Known as the second biggest cancer killer in the UK, bowel cancer exhibits symptoms that are often misinterpreted by many practitioners. This symptom is often treated merely as either irritable bowel syndrome or constipation.

Bowel cancer is now one of the most-feared kinds of cancer that affect people. Many patients have attested that their symptoms were often misdiagnosed, which is why they end up being treated for a different kind of condition.

According to a report in Express, one in 18 women and one in 15 men will be diagnosed with the condition during their lifetime. In the UK, it has taken the lives of 16,000 individuals in just one year. Further breaking down the figures, that’s 44 people in one day.

The statistics are horrifying, such that there is now a strong clamor for proper diagnosis of the condition so that patients will be able to receive the right treatment early on. This is highlighted by, wherein they were able to pinpoint the symptom that gets misinterpreted by many practitioners.

Bowel cancer often gets delayed treatment because of misdiagnosis of symptoms. Bowel cancer often gets delayed treatment because of misdiagnosis of symptoms. Photo: ArtisticOperations - Pixabay

According to the health site, many patients visit their doctor due to rectal bleeding. Some of them suffer from slight bleeding, but there are cases when they experience heavy bleeding.

Because this symptom is common with other conditions, some patients end up being diagnosed as having irritable bowel syndrome or hemorrhoids. Others get treated for constipation for as long as 15 months before required to take further tests.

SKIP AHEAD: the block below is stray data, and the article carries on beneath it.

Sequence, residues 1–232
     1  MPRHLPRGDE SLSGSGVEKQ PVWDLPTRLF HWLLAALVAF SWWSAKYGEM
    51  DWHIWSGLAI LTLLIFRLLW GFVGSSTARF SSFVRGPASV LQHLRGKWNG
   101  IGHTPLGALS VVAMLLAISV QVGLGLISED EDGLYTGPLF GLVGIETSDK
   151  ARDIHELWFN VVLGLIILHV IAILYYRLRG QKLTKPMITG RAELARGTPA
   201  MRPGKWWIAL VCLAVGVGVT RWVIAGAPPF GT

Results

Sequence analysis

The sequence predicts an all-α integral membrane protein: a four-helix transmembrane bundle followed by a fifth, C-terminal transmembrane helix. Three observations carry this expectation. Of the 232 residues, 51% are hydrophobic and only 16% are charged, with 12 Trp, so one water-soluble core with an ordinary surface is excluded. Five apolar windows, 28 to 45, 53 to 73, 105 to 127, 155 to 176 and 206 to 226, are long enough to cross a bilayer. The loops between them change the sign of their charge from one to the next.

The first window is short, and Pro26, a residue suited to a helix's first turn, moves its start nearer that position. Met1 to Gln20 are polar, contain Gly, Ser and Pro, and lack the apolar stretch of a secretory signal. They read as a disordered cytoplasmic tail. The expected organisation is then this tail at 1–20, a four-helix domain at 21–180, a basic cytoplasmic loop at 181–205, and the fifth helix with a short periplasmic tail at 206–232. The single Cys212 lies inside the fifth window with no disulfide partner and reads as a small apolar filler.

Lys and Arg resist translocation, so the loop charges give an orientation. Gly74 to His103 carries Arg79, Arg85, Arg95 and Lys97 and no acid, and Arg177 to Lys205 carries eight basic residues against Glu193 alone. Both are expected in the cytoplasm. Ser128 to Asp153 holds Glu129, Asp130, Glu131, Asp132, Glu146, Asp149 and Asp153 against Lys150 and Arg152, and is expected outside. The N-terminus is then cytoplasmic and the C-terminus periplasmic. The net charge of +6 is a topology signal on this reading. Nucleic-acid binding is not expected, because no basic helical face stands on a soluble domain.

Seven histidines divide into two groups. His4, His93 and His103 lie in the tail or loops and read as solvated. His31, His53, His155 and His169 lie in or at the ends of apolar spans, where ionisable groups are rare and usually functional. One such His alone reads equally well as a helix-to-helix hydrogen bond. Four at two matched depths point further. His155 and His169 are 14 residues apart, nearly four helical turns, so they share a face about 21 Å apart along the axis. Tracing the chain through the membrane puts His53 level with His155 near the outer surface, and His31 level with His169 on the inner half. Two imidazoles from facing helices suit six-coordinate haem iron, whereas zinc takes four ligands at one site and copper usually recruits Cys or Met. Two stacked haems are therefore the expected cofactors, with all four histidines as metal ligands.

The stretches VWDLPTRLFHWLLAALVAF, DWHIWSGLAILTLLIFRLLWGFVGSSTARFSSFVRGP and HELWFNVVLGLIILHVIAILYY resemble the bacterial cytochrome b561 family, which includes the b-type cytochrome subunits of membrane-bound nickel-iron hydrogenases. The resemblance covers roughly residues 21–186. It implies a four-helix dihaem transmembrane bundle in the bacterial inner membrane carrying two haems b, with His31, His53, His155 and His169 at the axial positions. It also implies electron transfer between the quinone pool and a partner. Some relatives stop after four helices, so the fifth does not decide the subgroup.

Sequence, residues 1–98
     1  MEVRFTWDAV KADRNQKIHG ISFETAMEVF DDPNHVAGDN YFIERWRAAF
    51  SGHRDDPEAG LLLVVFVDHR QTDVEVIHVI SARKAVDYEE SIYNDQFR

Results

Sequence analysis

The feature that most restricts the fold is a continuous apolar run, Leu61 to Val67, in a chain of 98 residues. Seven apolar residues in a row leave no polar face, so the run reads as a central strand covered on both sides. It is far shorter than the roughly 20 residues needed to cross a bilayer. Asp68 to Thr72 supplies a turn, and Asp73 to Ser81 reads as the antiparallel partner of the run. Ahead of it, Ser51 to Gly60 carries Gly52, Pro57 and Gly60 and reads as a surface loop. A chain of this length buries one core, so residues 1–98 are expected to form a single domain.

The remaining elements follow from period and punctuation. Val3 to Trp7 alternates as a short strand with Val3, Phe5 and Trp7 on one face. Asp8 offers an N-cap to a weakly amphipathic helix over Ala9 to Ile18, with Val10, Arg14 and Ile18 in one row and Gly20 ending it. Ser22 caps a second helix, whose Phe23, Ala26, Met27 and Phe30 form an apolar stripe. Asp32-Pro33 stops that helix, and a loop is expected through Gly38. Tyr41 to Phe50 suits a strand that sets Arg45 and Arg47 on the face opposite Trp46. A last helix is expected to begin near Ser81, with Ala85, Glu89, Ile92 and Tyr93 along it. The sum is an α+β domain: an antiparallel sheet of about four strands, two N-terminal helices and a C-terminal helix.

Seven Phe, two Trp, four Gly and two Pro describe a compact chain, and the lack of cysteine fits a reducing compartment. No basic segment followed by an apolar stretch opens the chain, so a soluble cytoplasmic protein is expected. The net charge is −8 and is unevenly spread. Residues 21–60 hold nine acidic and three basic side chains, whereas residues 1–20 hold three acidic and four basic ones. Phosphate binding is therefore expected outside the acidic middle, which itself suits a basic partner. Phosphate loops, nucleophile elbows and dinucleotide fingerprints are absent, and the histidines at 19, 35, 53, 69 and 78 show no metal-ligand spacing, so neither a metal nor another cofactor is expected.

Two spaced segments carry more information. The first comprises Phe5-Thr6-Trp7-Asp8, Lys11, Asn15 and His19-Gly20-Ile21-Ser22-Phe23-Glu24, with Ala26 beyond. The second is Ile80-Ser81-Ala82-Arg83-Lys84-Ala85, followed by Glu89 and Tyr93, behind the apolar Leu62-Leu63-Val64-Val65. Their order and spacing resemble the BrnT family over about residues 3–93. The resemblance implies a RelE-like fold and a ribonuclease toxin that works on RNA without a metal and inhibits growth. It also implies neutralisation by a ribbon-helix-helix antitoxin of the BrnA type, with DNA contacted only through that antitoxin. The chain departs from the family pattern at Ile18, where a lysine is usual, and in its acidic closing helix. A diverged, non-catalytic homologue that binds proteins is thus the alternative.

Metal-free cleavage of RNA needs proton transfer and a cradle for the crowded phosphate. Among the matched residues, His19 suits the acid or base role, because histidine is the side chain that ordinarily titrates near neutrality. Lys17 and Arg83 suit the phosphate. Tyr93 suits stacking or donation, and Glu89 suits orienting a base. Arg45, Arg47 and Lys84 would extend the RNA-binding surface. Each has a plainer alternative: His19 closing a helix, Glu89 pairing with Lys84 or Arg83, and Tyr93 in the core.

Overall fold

Although deemed as unavoidable, patients say that the delay is often a result of their doctors not acknowledging the severity of their symptoms. Aside from rectal bleeding, other bowel cancer symptoms include unexplained weight loss and tiredness, pain in the stomach, and anemia. Patients also feel bloating and the feeling that they were unable to empty their stomachs.

Accordingly, it isn’t always the case that when these symptoms are seen, the only conclusive condition is bowel cancer. There are also times wherein these symptoms mean a less serious condition. The overlapping symptoms make detecting bowel cancer quite difficult in patients and have become a cause for concern with many patients.

The latest estimate in the UK is that early detection of the disease at the early stage, more than nine in ten patients survived. If detected late, nine in ten will die. For patients, it is always the best move to be vigilant about their symptoms and to seek medical attendance at the earliest.